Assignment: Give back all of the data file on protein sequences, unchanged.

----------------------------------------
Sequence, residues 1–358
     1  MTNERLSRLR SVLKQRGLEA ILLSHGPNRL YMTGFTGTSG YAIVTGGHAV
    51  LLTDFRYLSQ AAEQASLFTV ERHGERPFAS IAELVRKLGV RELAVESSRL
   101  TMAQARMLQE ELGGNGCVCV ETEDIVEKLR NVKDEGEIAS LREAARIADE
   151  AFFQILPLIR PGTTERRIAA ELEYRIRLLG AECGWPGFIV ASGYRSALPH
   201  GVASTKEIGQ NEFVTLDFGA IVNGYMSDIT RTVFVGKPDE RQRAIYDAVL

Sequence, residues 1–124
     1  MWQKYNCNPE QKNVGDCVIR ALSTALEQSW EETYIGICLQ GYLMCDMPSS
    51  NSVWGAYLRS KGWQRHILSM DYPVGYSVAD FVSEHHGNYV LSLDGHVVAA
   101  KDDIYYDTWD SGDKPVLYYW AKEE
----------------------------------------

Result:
Sequence, residues 1–358
     1  MTNERLSRLR SVLKQRGLEA ILLSHGPNRL YMTGFTGTSG YAIVTGGHAV
    51  LLTDFRYLSQ AAEQASLFTV ERHGERPFAS IAELVRKLGV RELAVESSRL
   101  TMAQARMLQE ELGGNGCVCV ETEDIVEKLR NVKDEGEIAS LREAARIADE
   151  AFFQILPLIR PGTTERRIAA ELEYRIRLLG AECGWPGFIV ASGYRSALPH
   201  GVASTKEIGQ NEFVTLDFGA IVNGYMSDIT RTVFVGKPDE RQRAIYDAVL

Sequence, residues 1–124
     1  MWQKYNCNPE QKNVGDCVIR ALSTALEQSW EETYIGICLQ GYLMCDMPSS
    51  NSVWGAYLRS KGWQRHILSM DYPVGYSVAD FVSEHHGNYV LSLDGHVVAA
   101  KDDIYYDTWD SGDKPVLYYW AKEE